Color-coded, easy-to-sort bins that all fit into one closet are my recommendation. The color-coding helps children recognize what goes where and you can always reorganize when you feel better (the closet hides the mess in the meantime). It may surprise you but clean-up time can also be a fun playtime activity between parent and child. Sawyer and I have a clean-up song that we dance and sing to as we clean. This has evolved to incorporate some Taylor Swift jamming and break-dancing (no pun intended) in my house!


Playtime hack 5: This playtime will expire in 5, 4, 3, 2, 1...

It is ever so important, when parenting with an illness, to set time limits for playtime activities. Don’t be shy not to play on the floor at all on a really bad flare day (“Mommy can play on the couch and you can play on the floor while mommy makes lunch”) but, even if you do feel up to it remember how tough it can be on the AS body. Set a time limit and make sure to count down when nearing it. Having a calm, seated activity that your child loves as a follow-up activity is also a helpful tool to help limit your time on the floor.

You should also plan ahead for when you need to get up. I found myself stuck on the floor once, with my phone out of reach - I don’t recommend it. Just in case, always have a cane or chair (and phone!) nearby during floor time to aid in your eventual ascent.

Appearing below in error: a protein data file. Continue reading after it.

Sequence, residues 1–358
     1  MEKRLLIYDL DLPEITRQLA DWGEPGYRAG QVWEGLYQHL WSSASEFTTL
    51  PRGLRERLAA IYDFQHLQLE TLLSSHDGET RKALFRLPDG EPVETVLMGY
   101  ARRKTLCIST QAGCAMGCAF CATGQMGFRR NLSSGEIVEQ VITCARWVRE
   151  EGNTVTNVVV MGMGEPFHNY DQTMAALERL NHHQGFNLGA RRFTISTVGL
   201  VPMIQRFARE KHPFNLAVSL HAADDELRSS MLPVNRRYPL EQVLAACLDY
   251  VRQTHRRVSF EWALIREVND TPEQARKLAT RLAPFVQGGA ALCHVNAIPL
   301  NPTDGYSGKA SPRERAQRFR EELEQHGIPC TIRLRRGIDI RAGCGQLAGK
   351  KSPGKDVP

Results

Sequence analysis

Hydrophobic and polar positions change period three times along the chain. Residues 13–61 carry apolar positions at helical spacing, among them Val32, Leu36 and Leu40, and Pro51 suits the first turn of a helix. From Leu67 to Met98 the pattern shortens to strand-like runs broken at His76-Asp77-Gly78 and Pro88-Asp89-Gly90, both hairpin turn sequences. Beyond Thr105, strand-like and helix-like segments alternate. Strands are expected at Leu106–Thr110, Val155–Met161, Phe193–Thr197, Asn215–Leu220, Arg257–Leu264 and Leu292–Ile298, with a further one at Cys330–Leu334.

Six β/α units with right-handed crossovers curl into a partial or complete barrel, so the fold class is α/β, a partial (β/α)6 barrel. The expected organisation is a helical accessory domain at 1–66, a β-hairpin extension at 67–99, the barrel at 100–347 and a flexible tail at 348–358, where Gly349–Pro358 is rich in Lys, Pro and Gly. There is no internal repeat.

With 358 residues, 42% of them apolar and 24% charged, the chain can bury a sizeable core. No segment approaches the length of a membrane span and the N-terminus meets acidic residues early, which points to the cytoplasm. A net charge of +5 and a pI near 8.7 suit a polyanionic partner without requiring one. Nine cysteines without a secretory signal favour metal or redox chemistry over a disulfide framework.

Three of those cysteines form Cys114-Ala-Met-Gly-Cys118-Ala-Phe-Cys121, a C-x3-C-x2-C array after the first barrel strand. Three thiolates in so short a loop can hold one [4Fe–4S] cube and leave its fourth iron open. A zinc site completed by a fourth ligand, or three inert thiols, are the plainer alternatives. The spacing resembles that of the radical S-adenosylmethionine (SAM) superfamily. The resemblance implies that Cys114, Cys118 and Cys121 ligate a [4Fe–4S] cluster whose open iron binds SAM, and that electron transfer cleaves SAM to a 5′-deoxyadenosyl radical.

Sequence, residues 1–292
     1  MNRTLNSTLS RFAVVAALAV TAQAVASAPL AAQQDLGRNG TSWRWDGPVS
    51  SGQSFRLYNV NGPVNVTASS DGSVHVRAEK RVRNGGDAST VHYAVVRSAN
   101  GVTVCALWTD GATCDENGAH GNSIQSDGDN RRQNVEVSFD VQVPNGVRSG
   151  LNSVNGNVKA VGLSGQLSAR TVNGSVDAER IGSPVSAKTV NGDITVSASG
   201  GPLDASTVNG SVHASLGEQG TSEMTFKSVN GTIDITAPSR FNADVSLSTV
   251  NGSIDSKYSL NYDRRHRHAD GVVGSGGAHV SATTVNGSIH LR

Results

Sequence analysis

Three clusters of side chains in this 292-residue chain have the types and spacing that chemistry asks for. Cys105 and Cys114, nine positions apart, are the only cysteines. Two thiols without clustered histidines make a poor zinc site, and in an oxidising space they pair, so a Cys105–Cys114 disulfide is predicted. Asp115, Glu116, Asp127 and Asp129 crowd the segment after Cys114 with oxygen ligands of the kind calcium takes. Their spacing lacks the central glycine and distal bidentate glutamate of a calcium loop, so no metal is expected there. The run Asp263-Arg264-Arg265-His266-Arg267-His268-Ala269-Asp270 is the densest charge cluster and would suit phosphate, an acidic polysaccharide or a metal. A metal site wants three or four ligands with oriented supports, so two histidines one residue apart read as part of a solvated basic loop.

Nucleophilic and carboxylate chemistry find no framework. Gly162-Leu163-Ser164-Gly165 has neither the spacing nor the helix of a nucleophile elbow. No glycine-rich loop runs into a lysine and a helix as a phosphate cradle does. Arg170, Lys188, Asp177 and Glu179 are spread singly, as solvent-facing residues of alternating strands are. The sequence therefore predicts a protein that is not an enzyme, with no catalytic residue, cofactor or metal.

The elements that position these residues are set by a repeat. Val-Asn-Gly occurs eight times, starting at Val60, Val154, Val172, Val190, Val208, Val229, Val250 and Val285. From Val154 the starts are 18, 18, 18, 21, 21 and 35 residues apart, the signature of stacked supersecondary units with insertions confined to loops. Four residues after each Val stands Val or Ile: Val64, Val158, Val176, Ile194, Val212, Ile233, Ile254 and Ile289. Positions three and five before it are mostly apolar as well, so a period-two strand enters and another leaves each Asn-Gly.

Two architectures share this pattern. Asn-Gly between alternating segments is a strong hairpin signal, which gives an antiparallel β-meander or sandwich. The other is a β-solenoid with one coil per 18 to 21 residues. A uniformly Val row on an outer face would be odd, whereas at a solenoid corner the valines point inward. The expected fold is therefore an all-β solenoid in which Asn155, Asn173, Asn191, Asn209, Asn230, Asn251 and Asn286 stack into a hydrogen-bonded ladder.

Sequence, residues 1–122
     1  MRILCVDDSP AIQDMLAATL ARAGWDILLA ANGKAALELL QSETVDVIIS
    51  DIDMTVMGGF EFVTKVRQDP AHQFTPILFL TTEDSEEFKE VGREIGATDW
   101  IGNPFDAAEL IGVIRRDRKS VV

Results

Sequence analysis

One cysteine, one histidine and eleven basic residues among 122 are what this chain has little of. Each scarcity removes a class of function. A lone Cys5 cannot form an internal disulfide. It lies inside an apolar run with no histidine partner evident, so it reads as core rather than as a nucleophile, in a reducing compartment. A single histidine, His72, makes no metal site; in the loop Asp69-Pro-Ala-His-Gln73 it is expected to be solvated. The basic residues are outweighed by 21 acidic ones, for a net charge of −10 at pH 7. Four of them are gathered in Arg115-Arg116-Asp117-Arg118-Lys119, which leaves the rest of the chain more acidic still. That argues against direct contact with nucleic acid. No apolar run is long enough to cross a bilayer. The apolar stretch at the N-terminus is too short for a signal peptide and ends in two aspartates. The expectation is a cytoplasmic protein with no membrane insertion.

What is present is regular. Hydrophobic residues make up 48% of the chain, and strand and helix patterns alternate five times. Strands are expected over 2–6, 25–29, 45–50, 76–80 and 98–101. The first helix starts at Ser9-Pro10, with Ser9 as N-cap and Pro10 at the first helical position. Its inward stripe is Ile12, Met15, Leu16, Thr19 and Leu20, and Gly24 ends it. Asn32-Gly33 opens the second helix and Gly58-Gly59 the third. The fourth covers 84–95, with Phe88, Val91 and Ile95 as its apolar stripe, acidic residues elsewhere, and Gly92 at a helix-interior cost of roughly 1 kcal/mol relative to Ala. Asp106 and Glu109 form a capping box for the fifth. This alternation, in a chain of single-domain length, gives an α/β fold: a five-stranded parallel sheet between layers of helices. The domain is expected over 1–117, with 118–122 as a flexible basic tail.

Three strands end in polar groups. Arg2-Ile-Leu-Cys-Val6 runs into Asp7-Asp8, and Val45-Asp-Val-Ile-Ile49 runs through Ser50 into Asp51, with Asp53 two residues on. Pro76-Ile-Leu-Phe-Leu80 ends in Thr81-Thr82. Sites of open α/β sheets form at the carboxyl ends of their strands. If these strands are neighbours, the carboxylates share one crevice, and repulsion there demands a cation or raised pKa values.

Fun and games

Playtime hack 6: Treat bad days like rainy days

When you are having a really hard day, it is so easy to get to a bad place mentally and curse yourself for being a lame parent because you can’t be as fun that day. Stop it! Everyone has rainy days, not just us! Treat your bad days like rainy days and lose the guilt - your child can sense your mood.

Arts and crafts and reading are activities that are just as fun as playtime and wonderful for development. I made Sawyer his own reading cubby area that we have slowly been decorating together, adding lanterns, pillows and stickers of his choice. He gets excited for ‘mommy’s rainy days’ now!

I can honestly state that I feel like a better parent for having AS. I took the time to figure out hacks to make sure I get in as much playtime with my child as possible and not knowing when a bad day might strike has helped me to relish every good moment with Sawyer. An illness makes you rethink everything you do with this gift of one life. This AS life is still a gift, especially when you can share it with your child!

Bjillian and Sawyer 

 This article was written by Bjillian MacKinnon, a regular contributor at A social site helping the whole AS community to: Learn. Share. Inspire. Discuss.





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Diagnosed with AS just four months after giving birth to her son in 2013, Bjillian MacKinnon had to adapt quickly to both being a mother and an AS patient. She approached the challenge with the positive attitude developed during her career as an educator for children with behavioral issues and her time as a marathon and triathlon athlete.


Bjillian now works as an Education and Development Specialist at The Arthritis Society and sits on several arthritis-related boards and committees across Canada. A strong believer in fitness as a tool, she recently trained 16 people with arthritis to complete their first sprint-triathlon in 2015 and has become an enthusiastic AS ambassador.